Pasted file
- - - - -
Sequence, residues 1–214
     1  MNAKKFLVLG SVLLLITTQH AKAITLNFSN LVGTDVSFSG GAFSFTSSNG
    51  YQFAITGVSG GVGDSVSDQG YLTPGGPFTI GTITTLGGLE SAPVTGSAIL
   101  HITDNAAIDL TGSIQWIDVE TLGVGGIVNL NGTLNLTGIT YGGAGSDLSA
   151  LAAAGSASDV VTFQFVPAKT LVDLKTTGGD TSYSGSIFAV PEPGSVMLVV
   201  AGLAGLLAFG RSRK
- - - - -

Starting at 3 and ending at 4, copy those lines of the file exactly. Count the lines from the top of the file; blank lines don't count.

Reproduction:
    51  YQFAITGVSG GVGDSVSDQG YLTPGGPFTI GTITTLGGLE SAPVTGSAIL
   101  HITDNAAIDL TGSIQWIDVE TLGVGGIVNL NGTLNLTGIT YGGAGSDLSA